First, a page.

It's the same ignorance that somehow thinks we can use technology wrongly to think of the children (as opposed to honest police work...).

    1. Silver badge

      Re: To be fair though...

      You say that, but many of their products phone home. I purchased one of their PoE cameras and caught packets flowing back to a server in China. I was unable to tell what their use was but they were pretty sizeable. Depending on what that data is, then it could be enough to argue that they could be able to tell what their cameras were being used for if prompted about it, since deniability is the whole concern here. And since, yes, they have been shown to install and manage their own products before unlike what they released to the regulator in their statement, it's entirely possible they had a hand in installing the cameras in the camps in the first place.

      And about your comparisons. CPUs don't phone home (supposedly), though the software that comes recommended by the vendors might. And legislators/car companies are already installing breathalizers in their cars, with some wanting to make it mandatory (at least here in the States).

      1. elsergiovolador Silver badge

        Re: To be fair though...

        Some products will not call home until they are woken up. Some use a technique called port knocking, where it would for example open up an SSH port after you send a special data packet and then you can log in to the device and do whatever you want.

      2. Sgt_Oddball

        Re: To be fair though...

        Tesla cars phone home though. Cisco routers phoned the NSA... Everything we own these days is telling tails to someone.

      3. Anonymous Coward
        Anonymous Coward

        Re: To be fair though...

        Got any proof?

        I’m a cyber researcher and have not found any evidence of this for the last 6 years of trying!

        Yes I doubt what you’re saying, but equally I’d like to study it if it is true ;)

        All help gratefully received

        1. Silver badge

          Re: To be fair though...

          ...About what in particular? The cameras? I no longer use them.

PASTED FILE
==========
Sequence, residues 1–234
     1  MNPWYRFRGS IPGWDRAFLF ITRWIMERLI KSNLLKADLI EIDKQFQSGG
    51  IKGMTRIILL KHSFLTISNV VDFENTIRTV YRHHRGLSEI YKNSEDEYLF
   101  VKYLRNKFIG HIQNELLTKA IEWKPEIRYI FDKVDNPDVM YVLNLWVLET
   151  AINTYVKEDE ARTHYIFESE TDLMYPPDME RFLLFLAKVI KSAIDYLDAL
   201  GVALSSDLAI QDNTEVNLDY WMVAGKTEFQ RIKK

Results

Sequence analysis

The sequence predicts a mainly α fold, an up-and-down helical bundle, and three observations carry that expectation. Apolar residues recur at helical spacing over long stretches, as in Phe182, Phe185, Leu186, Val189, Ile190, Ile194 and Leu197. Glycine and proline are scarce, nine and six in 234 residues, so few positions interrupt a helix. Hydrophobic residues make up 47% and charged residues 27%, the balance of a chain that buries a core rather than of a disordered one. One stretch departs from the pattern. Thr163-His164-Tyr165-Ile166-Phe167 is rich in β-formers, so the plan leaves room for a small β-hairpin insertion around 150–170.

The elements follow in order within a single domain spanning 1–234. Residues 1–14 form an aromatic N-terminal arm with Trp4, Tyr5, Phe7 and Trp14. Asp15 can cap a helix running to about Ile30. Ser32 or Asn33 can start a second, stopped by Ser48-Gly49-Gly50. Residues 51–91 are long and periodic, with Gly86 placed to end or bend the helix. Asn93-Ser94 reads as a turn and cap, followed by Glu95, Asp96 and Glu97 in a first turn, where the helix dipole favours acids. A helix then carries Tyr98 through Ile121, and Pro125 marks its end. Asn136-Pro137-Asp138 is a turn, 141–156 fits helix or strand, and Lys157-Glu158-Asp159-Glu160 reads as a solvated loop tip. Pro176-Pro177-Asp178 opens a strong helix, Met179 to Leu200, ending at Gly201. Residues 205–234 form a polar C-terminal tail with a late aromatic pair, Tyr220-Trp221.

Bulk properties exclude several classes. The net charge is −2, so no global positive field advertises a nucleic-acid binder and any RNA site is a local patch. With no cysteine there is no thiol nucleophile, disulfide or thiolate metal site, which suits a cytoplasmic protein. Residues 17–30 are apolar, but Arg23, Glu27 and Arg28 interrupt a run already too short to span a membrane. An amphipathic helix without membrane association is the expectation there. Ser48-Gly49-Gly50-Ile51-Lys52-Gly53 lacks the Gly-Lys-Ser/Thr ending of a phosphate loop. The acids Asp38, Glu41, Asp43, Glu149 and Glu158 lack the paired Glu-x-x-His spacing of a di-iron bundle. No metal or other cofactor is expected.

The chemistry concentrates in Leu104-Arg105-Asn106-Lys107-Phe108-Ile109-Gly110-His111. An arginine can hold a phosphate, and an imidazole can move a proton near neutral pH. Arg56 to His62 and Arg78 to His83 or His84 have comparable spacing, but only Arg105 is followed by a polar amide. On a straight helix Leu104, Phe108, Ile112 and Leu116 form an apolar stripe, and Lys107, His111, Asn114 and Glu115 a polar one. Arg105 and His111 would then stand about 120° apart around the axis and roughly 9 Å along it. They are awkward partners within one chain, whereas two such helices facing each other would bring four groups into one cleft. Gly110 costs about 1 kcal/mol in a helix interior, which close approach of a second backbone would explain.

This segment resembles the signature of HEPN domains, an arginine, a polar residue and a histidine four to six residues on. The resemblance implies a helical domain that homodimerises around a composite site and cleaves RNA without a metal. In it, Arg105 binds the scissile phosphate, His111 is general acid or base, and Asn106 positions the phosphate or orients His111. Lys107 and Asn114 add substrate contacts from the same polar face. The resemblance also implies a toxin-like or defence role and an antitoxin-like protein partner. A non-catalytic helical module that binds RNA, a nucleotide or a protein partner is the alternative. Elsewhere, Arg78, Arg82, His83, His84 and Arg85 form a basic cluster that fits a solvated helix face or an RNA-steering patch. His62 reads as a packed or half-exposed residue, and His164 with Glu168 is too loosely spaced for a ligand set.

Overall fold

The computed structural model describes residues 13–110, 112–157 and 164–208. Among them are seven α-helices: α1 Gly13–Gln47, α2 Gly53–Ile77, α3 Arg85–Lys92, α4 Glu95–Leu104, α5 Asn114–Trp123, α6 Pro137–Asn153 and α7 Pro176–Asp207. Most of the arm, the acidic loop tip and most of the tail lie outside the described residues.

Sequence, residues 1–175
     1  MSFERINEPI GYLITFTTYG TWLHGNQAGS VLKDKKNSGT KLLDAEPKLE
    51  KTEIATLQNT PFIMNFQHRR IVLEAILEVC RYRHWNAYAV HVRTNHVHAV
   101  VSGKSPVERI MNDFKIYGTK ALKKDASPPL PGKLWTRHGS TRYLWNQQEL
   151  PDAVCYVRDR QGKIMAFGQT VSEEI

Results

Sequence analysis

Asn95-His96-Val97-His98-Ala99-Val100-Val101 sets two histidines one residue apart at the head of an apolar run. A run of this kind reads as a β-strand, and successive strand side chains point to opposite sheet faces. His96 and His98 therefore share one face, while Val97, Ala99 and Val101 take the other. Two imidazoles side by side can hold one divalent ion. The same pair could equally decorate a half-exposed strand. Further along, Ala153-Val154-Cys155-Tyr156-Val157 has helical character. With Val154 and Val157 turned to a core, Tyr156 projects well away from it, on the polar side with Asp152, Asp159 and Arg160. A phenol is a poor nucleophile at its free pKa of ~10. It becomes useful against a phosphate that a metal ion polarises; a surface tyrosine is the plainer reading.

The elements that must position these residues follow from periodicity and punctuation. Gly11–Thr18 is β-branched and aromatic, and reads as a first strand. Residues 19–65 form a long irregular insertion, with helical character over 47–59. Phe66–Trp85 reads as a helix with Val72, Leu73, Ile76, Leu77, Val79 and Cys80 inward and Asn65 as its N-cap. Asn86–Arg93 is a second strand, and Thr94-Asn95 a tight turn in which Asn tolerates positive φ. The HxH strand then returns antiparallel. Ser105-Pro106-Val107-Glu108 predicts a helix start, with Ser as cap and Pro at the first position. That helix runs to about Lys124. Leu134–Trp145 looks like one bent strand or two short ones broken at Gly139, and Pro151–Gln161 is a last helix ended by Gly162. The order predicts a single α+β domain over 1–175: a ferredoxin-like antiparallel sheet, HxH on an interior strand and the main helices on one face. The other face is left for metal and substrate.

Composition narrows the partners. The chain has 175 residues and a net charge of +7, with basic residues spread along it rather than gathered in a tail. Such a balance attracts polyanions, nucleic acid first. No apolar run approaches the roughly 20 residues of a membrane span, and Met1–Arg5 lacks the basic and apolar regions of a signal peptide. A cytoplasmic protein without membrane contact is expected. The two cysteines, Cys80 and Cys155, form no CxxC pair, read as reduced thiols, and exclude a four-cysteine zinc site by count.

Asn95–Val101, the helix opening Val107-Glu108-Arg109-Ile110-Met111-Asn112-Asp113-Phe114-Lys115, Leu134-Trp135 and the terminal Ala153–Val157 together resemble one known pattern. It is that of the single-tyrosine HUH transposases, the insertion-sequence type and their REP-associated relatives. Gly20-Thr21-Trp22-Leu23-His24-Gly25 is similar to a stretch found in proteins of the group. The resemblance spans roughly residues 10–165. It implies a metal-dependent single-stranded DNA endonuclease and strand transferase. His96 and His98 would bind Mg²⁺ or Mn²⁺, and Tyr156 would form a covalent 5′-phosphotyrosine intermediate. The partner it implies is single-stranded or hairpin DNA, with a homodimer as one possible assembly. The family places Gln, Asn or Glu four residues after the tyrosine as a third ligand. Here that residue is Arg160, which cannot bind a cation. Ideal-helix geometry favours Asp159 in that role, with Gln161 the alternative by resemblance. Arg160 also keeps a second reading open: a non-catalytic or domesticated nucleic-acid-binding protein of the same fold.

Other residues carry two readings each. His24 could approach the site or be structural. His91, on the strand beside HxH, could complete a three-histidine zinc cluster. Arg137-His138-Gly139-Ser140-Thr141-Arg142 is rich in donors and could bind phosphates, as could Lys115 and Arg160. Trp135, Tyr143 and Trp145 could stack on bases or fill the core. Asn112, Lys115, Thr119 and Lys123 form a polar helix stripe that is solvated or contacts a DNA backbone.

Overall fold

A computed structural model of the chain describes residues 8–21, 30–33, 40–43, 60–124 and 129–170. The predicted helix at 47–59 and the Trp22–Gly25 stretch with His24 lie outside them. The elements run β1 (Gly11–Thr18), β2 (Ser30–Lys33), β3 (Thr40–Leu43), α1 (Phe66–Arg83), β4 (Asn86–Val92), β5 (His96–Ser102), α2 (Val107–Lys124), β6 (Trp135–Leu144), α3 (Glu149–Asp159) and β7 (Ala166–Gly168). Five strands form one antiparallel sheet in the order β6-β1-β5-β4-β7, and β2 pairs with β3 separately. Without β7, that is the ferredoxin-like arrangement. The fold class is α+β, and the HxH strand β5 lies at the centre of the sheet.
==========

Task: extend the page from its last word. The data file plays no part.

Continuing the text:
Here's a nice intro to the rabbit hole, apparently they discontinued some of their cloud junk so I don't know if what I said is still relevant.

    2. Brewster's Angle Grinder Silver badge

      Re: To be fair though...

      Read the last blockquote in the article. Or, better yet, follow the PDF to read the letter - which makes clear that Hikvision will operate this system. They are not just supplying the kit, they are supplying the prison guards.

      So while there might be a discussion to be had about simply selling on cameras, Hikvision are a long way beyond that. They have to decide whether they want to flog stuff to the West or run Uyghur panopticons for the Chinese government.

      1. Anonymous Coward
        Anonymous Coward

        Re: To be fair though...

        I think you’ll find that Dahua run the Police Stations in these areas…

    3. Cuddles

      Re: To be fair though...

      "should the same scrutiny be offered on British bombs sold overseas?"


  6. Andy The Hat Silver badge

    What are the boundaries?

    Sell cameras to a state that uses them for nefarious activities - BAN THEM!

    Sell electronics to a state that could apply them to military hardware - BAN THEM

    Sell weapons to a state to blow people to smithereens - Great, give them a subsidy.

    Sell weapons to state police and military where people on the streets are shot in cold blood - that's ok too as long as it's done 'lawfully' in the US or even N. Ireland ...

    Whilst I don't want to give judgement over Hik in this case I will say that the Government's historic position is less than clear ...

  7. TVC

    I've got a Hikvision CCTV system - do I bin it?

    I've had a Hikvision CCTV system for a while and it is very good, the best I've had and excellent value - though someone in China can probably watch our cats and foxes as well as us.

    After I bought it I realised Hikvision is probably a company I should avoid, as I do with Huawei.

    Nothing I can do now. They've had my money so no point in scrapping it and any replacement is also likely to come from China.

    The only solution is for British companies to get competitive. I'd willingly pay more for non Chinese stuff.

    1. Paul Crawford Silver badge

      Re: I've got a Hikvision CCTV system - do I bin it?

      Consider Vivotek cameras and the free recording software (if less than 32 cameras). Taiwan made so (currently) free of Chinese gov control and they work quite well.

      Failing that, at least set your firewall rules to block the CCTV system from sending stuff out. Unless you actually want/need some cloud service from the supplier.

      Also if you do anything vaguely security based then have your internal network partitioned so the cameras have no sight of your PC, NAS, etc.

  8. Sgt_Oddball

    I too...

    Have a HIK vision system at home (came with the house).

    I can route traffic to a cloud based login system through HIK's servers (Europe based in my instance) or through a firewall hole (via changed ports, redirected, encrypted traffic etc) and I've not seen any traffic going places it shouldn't when I've listened to what it's upto.